I am a software engineer, and I am downloading Public Domain Classical Music. The original filenames are an inconsistent mess, and I would like to correct that. I have some metadata at my disposal, and want to name my files with the bare minimum identifying information. This is particularly important in case I am asked to produce licensing information.

Here is the info I am working with:

1   Composer: Johann Sebastian Bach
2   Form    : Concerto
3   Key     : D Major
4   License : ccpd
5   Mood    : Relaxing
6   No.     : No.5
7   Period  : Baroque
8   Rating  : 2
9   Work    : BWV.1050
10  path    : /music/3502-brandenburg-concerto-no-5-in-d-major-bwv-1050/
11  title   : Brandenburg Concerto No.5 in D major, BWV 1050 - II. Affectuoso

11 title is the original file name. title & path is highly variable, and so I avoid scraping it unless absolutely necessary.

I need you to tell me what is absolutely necessary.

Some examples:

Old: Brandenburg Concerto No.5 in D major, BWV 1050 - II. Affectuoso
New: Johann Sebastian Bach - Concerto No.5 [BWV.1050] in D Major
  • Q: Is II. Affectuoso neccessary? This can be a lot of trouble to scrape because there are no clear delimiters.
  • Q: What relevance is Brandenburg? Is this just where the audio was recorded, or does it have something to do with Bach?

Old: Etude Op. 25 no. 3 in F major - 'The Horseman'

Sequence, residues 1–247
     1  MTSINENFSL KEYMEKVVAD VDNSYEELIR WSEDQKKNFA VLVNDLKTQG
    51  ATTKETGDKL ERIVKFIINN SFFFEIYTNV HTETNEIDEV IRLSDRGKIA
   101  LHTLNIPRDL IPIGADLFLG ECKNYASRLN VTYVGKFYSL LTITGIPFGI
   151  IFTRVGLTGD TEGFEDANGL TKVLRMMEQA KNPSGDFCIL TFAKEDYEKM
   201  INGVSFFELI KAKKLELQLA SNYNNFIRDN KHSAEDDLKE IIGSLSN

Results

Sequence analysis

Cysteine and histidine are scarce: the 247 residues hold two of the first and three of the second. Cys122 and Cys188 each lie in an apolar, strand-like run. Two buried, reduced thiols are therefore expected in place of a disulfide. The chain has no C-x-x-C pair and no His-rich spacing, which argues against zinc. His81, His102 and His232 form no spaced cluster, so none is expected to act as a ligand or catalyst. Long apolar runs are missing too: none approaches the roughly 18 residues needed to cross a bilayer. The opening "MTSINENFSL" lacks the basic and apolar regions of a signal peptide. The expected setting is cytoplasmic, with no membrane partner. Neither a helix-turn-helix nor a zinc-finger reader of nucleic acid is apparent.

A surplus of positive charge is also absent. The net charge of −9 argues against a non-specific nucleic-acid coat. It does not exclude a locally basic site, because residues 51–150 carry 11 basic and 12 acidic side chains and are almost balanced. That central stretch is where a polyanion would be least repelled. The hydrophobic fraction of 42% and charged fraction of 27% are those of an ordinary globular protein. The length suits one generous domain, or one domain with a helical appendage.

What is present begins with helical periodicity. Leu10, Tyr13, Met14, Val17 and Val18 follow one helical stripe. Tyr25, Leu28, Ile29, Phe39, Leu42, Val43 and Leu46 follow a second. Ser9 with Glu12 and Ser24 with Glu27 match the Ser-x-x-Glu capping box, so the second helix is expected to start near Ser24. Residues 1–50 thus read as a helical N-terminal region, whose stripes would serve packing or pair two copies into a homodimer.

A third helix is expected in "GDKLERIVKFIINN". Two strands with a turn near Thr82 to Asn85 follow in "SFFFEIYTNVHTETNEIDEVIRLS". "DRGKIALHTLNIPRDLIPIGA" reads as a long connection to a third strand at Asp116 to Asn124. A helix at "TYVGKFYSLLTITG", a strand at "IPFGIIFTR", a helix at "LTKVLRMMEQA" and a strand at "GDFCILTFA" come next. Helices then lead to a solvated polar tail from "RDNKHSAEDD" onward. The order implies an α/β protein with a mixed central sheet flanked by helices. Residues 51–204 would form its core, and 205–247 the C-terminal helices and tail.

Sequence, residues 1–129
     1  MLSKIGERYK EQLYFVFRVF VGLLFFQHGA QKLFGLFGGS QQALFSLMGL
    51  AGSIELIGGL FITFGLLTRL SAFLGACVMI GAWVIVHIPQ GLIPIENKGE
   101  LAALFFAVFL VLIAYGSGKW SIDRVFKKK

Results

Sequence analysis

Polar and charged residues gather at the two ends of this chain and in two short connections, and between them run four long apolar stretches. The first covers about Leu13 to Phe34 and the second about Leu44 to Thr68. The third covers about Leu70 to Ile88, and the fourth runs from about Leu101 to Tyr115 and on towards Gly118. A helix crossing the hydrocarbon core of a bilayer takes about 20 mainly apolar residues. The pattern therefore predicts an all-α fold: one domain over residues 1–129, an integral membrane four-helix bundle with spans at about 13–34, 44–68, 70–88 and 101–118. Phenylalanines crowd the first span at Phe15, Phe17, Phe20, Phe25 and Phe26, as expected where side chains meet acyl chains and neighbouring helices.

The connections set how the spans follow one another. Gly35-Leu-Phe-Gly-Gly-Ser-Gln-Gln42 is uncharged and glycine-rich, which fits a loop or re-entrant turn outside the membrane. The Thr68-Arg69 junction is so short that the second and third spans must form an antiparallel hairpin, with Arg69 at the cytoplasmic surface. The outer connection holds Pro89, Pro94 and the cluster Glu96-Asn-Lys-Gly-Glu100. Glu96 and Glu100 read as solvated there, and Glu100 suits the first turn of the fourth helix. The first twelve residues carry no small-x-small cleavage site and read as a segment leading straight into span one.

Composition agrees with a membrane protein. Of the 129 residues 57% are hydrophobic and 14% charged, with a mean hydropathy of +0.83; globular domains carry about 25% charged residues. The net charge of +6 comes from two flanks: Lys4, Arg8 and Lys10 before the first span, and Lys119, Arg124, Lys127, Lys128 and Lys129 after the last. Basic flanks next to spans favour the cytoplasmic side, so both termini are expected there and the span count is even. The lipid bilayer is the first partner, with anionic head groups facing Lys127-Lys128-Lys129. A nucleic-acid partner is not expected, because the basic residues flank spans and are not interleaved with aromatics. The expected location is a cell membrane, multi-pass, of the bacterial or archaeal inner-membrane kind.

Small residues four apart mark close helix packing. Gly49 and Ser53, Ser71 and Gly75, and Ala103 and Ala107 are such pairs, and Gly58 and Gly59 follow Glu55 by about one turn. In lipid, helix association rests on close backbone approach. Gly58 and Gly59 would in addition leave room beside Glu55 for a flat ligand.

New: Frédéric Chopin - Etude No.3 [Op.25] in F Major
  • Q: The Horseman I am assuming is necessary?

Old: Violin Concerto no. 1 in E flat major, Op. 6 -  I. Allegro maestoso
New: Niccolò Paganini - Concerto No.1 [Op.6] in E-Flat Major
  • Q: Is Violin Concerto no. 1 synonymous with simply, Concerto No.1? I am afraid that the No. qualification would change depending on the instrument. For example, maybe there is a Violin Concerto no. 1 and a String Concerto no. 1, meaning that there are multiple Concerto No.1s

Old: The Well Tempered Clavier, Book I, BWV 846-869 - Prelude in Fugue No.17 in C major a
New: Johann Sebastian Bach - Prelude & Fugue No.17 [BWV.846] in C Major
  • Q. Do I need to include Book I and is it fine that I exclude the range 846-869?

All in all, are the new names I am using sufficient?

  • The best, and I think really necessary, advice I can give here is that I think you need to work with an experienced musician. It is clear from your questions that you do not have much of a contextual understanding of the meaning of each part of the names, and as is mentioned in the answer, even canonical answers to the questions you have posted here will not resolve all possible future uncertainties
    – Judy N.
    Jun 12, 2020 at 16:36
  • You say "in case I am asked to produce licensing information": What is the problem here? If you are asked to produce it, is showing the metadata not enough, regardless of what name you give to the file?
    – Rosie F
    Jun 13, 2020 at 15:59
  • Please could you clarify "Here is the info I am working with"? What parts of that info were already in the file when you acquired it? which parts must you leave alone, and which parts may you change? Are you free to add new keys to the metadata or permute the existing keys?
    – Rosie F
    Jun 13, 2020 at 17:12
  • @RosieF Its not a clear cut process. I have to deal with this mostly on youtube, and there are companies who set themselves up to claim public domain works as their own, and make a profit off of videos featuring them. Sometimes, I would get upwards of 70 claims in a day. Here is the info I am working with There is a page, and a file. The file has been found on the internet, and will comes with a title that has information. That file is listed on a page that also has information. Sometimes the page info contradicts the file info.